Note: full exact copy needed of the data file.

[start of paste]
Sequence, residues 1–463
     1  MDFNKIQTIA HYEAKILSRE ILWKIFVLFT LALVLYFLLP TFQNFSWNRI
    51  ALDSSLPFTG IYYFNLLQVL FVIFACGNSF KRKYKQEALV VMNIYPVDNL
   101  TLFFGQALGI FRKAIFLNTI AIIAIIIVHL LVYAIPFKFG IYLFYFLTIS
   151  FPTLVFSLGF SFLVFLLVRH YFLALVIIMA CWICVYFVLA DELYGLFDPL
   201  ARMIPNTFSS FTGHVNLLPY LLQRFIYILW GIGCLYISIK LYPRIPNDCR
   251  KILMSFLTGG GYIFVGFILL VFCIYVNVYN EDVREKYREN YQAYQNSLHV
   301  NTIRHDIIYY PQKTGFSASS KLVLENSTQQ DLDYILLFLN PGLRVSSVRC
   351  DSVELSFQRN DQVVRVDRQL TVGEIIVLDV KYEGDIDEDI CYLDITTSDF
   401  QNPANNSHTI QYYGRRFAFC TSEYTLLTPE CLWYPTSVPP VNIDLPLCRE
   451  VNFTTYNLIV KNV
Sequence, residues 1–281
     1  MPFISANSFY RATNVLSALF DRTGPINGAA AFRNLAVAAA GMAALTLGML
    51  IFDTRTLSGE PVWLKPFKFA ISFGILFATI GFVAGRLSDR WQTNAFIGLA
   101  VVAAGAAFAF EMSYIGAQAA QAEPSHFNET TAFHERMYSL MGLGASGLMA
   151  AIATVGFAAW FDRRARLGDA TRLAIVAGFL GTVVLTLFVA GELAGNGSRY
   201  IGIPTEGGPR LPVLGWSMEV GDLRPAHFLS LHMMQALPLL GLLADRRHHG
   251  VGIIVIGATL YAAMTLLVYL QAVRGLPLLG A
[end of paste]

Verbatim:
Sequence, residues 1–463
     1  MDFNKIQTIA HYEAKILSRE ILWKIFVLFT LALVLYFLLP TFQNFSWNRI
    51  ALDSSLPFTG IYYFNLLQVL FVIFACGNSF KRKYKQEALV VMNIYPVDNL
   101  TLFFGQALGI FRKAIFLNTI AIIAIIIVHL LVYAIPFKFG IYLFYFLTIS
   151  FPTLVFSLGF SFLVFLLVRH YFLALVIIMA CWICVYFVLA DELYGLFDPL
   201  ARMIPNTFSS FTGHVNLLPY LLQRFIYILW GIGCLYISIK LYPRIPNDCR
   251  KILMSFLTGG GYIFVGFILL VFCIYVNVYN EDVREKYREN YQAYQNSLHV
   301  NTIRHDIIYY PQKTGFSASS KLVLENSTQQ DLDYILLFLN PGLRVSSVRC
   351  DSVELSFQRN DQVVRVDRQL TVGEIIVLDV KYEGDIDEDI CYLDITTSDF
   401  QNPANNSHTI QYYGRRFAFC TSEYTLLTPE CLWYPTSVPP VNIDLPLCRE
   451  VNFTTYNLIV KNV
Sequence, residues 1–281
     1  MPFISANSFY RATNVLSALF DRTGPINGAA AFRNLAVAAA GMAALTLGML
    51  IFDTRTLSGE PVWLKPFKFA ISFGILFATI GFVAGRLSDR WQTNAFIGLA
   101  VVAAGAAFAF EMSYIGAQAA QAEPSHFNET TAFHERMYSL MGLGASGLMA
   151  AIATVGFAAW FDRRARLGDA TRLAIVAGFL GTVVLTLFVA GELAGNGSRY
   201  IGIPTEGGPR LPVLGWSMEV GDLRPAHFLS LHMMQALPLL GLLADRRHHG
   251  VGIIVIGATL YAAMTLLVYL QAVRGLPLLG A